De La Nonna
De La Nonna in Arts District feels like a pizza dinner on the verge of turning into a full-blown dance party. Its string-lit patio is full of big groups, clinking glasses, and a DJ spinning house tracks if you care to dance in between rounds of pizza. The Sicilian-style pan pies come with a light, airy crust sprinkled with flaky salt, and while they don’t overload it with toppings, you still get plenty of flavor from them. Some of our favorites include the white pie, with roasted fennel, mozzarella, and dabs of pesto, and the Market pie, with a super-herbaceous cream sauce and crispy parmesan. If you want to keep the night going, head next door to De La Nonna’s Italian disco club for some kitschy, retro debauchery.
It’s a competitive field when it comes to Downtown tacos (or tacos anywhere in LA, for that matter), but Sonoratown has managed to take a tiny space on Los Angeles St. and turn it into a full-out institution. Their legendary house-made flour tortillas melt in your mouth, and their charred grilled steak is smokey, sweet, and the exact right level of salty. You can certainly go for their regular tacos, but our move is the Caramelo, which is about double the size and comes topped with salsa roja, avocado, and cabbage.
Everson Royce Bar
Everson Royce Bar is one of those places that makes doing everything right look easy. The small interior of this Arts District spot is dark and intimate (ideal for some date night extracurriculars), and the back patio is the setting for a party you'll never want to end. The food menu doesn't look too different from any other bar menu around town, but don't let that fool you—it's excellent. And that burger is one of the best you'll find in LA. We’d live here if we could.
photo credit: Jayme Burrows
With vaulted ceilings, mismatched chairs, and old framed photos hanging on the walls, Wood Spoon looks a lot like that Parisian flat we fantasize about while stuck in traffic on the 110. The Brazilian menu, made up of traditional dishes from the state of Minas Gerais like seafood stew in a coconut sauce and our favorite chicken pot pie in the entire world, feels like true home cooking. Whether you’re by yourself for a quick lunch or catching up with an old friend on a Wednesday night, you might forget you’re at a restaurant altogether.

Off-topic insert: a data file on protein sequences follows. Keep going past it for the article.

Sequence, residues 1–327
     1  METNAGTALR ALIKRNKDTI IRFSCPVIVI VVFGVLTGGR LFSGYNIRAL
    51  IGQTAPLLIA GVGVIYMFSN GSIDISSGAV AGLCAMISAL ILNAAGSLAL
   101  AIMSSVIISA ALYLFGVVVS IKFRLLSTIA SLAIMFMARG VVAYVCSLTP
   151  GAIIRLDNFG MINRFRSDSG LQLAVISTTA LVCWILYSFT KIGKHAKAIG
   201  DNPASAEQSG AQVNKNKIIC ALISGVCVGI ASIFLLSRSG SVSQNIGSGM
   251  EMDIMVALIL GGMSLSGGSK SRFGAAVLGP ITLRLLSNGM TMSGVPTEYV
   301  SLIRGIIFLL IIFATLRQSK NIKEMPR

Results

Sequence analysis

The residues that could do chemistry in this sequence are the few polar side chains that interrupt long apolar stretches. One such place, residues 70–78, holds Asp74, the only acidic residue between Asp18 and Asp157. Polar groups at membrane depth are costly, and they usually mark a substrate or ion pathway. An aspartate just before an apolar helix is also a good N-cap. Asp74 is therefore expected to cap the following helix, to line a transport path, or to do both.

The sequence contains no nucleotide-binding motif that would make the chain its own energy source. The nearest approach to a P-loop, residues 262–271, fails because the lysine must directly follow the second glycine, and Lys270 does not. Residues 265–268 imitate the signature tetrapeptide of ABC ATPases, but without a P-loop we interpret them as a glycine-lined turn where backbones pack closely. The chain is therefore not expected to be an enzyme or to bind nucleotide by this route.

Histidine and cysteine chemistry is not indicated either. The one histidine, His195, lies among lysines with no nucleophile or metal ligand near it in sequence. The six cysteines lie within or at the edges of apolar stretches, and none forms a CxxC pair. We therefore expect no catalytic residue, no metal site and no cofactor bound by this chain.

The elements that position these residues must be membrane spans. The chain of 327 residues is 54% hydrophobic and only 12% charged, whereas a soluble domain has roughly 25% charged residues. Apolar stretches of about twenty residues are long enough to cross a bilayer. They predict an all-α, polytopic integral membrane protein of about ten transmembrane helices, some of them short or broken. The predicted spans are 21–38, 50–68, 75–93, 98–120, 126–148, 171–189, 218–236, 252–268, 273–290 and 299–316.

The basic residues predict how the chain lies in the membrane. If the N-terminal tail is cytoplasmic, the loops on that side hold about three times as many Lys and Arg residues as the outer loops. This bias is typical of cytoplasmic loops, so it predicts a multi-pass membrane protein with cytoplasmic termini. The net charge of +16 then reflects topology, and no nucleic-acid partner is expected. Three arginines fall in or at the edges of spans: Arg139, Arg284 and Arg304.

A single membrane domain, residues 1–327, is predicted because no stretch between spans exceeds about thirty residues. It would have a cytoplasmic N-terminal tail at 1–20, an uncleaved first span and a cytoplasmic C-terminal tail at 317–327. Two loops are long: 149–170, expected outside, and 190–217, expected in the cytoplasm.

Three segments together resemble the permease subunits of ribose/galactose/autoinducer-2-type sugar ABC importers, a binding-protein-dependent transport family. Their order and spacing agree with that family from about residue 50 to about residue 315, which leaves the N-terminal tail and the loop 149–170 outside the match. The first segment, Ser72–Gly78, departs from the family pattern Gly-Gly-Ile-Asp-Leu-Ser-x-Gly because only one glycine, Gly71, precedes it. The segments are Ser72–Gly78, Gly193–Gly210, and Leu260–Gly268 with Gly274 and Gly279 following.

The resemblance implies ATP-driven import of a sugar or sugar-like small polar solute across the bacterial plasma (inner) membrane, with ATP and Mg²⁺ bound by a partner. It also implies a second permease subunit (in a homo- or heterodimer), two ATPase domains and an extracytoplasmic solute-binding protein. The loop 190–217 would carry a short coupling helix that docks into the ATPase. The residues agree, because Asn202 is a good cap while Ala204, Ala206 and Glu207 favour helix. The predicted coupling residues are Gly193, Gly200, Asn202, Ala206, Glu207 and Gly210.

This Arts District pioneer opened in 2012 (practically a lifetime in this part of town), but it's just as busy as it was on day one. For the most part, things at Bestia haven't changed much, with crowd favorites like the spicy lamb sausage pizza and cavatelli still on the menu. Does Bestia have steeper competition today for great Italian than a decade ago? Absolutely. But a meal at this buzzy Italian spot is still never an in-and-out affair——odds are you'll be at your table for a couple of hours, eating delicious pasta and taking in one of the busiest dining rooms in the city.
Bavel is a broadly Middle Eastern spot in the Arts District from the same people as Bestia, and if for some reason you thought that this younger sibling would be any less popular, then you probably don’t understand sibling dynamics. Between their idyllic outdoor patio shaded by a grove of trees, tables filled with duck ’nduja hummus, lamb neck shawarma, and freshly baked pita, and the strong chance you’ll see someone sorta famous here, a meal at Bavel is one of the most consistently great dining experiences you can have in DTLA, bar none.
photo credit: Jakob Layman
Sari Sari Store LA
This Filipino rice bowl counter towards the Hill St. side of the market is from the Republique people, and it’s the kind of place that gets you excited about lunch. Sure, it’s 10:30am and you should be working on that finance report that’s due tomorrow, but instead you’re thinking about whether you should get the ribs or chicken. All the food at Sari Sari Store is fantastic, so you can’t really go wrong. Sit at the counter, have the lechon manok bowl with chicken and garlic rice, and whatever you do, save room for the buko pie, described on the menu as “coconut, coconut, coconut,” and by us as “freaking delicious.”
Azay is a half-French, half-Japanese restaurant in Little Tokyo that is one of the few places to serve Japanese breakfast in the LA area. Their rendition of the meal is quite understated—nothing but a tray of broiled fish, tamago, tofu, miso soup, and a side of rice, plus a few pickles. The broiled fish comes with a flaky top and charred bottom, but completely moist meat in the middle. Bright yellow eggs taste slightly sweet and resemble the shape and size of an elementary school kid’s eraser. Plus, the portions are perfect–not too big, not too small, and you can walk away feeling full, without needing to undo a button on your pants.
photo credit: Yusei Kanda
This omakase-only spot in the Arts District is $300 per person (before tax and tip), which is a financial undertaking for just about anyone. But if you’re in the market for a splurge-y evening or celebrating a Powerball win, 715 Sushi is an exciting place to do it. For starters, the sushi is exceptional. The menu changes regularly, but you can generally expect about ten meticulously assembled pieces of nigiri and ten small plates ranging from belt fish tempura to surf clams in a creamy miso sauce. Run by a young chef from Osaka, we appreciate that an upbeat meal at 715 feels less like you’re at a stern omakase temple and more like hanging out with a group of friends who happen to have a stunning sushi bar in their apartment.